Maintained by: NLnet Labs

[Unbound-users] Replacing /etc/hosts aliases with local-data: directive

Steve Jenkins
Fri Mar 25 15:37:08 CET 2011

On Fri, Mar 25, 2011 at 12:51 AM, Carsten Strotmann
<unbound at> wrote:
> A much 'standard compliant' way would be to use a full DNS name in
> Unbound. If your official DNS domain is '', your can use in
> the Unbound configuration:
> local-zone: "" static
> local-data: " IN A 123.456.78.910"
> local-data: " IN A 234.567.89.012"
> local-data: " IN A 345.678.90.123"

Hi, Carsten. Thanks for the well-thought out and detailed reply. I
agree this would be ideal, however, the systems in question don't all
share the same domain name, and can't share the same local-zone. So I
was looking to avoid having to list all the domains as search targets
in /etc/resolve.conf and manage a dozen+ /etc/hosts.

Also, using multiple domains in the resolve.conf search line and
multiple local-zones entries won't work in our case, either, because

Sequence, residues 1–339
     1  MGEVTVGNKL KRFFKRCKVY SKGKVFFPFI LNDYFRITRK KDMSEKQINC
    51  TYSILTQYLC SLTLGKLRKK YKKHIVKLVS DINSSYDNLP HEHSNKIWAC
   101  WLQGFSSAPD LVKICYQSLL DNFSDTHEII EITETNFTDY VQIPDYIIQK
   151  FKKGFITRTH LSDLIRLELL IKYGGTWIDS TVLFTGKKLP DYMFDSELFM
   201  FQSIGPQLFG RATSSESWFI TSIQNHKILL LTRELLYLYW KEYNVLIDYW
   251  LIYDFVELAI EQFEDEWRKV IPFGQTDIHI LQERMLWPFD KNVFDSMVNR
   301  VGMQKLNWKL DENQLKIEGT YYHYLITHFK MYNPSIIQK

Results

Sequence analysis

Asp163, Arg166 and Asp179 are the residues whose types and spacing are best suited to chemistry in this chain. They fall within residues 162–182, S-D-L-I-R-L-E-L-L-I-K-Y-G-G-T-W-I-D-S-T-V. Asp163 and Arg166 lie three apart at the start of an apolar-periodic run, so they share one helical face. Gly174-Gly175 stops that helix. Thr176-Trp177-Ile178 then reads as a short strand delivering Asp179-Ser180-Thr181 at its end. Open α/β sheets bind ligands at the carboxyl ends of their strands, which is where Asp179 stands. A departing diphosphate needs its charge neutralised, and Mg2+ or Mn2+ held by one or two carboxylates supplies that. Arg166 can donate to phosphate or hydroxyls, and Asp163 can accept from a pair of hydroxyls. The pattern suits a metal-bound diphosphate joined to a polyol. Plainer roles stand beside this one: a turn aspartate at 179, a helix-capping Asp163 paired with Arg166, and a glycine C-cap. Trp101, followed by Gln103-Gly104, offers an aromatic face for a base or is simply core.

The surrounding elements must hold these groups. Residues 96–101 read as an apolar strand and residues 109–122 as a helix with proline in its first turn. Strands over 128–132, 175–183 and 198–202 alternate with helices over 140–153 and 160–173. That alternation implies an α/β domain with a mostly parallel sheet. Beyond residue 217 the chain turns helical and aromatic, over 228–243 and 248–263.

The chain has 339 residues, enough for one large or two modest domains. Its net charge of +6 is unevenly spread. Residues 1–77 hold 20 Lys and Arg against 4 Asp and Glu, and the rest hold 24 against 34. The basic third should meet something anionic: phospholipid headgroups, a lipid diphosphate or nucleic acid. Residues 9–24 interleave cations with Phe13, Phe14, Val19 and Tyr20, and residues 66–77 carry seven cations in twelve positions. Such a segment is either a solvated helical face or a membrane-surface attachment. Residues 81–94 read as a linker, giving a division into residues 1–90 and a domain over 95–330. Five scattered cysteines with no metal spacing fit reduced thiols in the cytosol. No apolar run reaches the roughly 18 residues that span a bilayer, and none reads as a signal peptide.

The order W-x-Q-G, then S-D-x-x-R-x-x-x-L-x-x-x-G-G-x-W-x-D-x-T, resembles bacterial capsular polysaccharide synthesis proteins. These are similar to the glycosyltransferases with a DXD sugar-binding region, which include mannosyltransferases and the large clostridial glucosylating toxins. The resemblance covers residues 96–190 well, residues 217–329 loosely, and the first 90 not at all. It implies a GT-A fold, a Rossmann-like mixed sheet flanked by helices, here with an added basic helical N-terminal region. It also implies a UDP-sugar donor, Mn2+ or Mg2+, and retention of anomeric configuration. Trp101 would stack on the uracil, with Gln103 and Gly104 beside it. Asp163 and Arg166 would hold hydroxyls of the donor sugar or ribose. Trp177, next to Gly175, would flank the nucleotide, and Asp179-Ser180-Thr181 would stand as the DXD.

we use wildcard DNS on the authoritative nameservers to direct typo
traffic on our domains to our websites (we run a number of very
popular network of video game websites and visitors often mis-type our
subdomains). So even if we set it up as:

local-zone: "" static
local-data: " IN A 123.456.78.910"

local-zone: "" static
local-data: " IN A 234.567.89.012"

local-zone: "" static
local-data: " IN A 345.678.90.123"


# cat /etc/resolv.conf

A "ping doug" doesn't hit the right server (, because's wildcard DNS matches first.

> If you down own your own domain, it is better to get one (domains are
> not expensive) and not to 'hijack' one (as you do not own '.local',
> using that TLD withour permission is kind of hijacking it).

I can see the wisdom in that. However, since our unbound server is not
authoritative for our systems (all of which have FQDNS names managed
by a separate nameserver cluster) it's possible that the public IP
address for the might get changed in the authoritative nameserver, and
that one of us would forget to update it in unbound, and we'd be
broadcasting the incorrect IPs to our local network. Of course, we'd
probably notice that issue quickly, but I'm looking to avoid that
potential altogether.

All this said, while I agree with you that there is technically a risk
of typo traffic going to the root servers, the practical risk of that
happening in this situation is very minimal. These machines have only
two admins that access them, and no standard user accounts.  And the
two of us who access these boxes ar booth greet tiepers. :) These
"shortcuts" would only be used a few times per week at most by two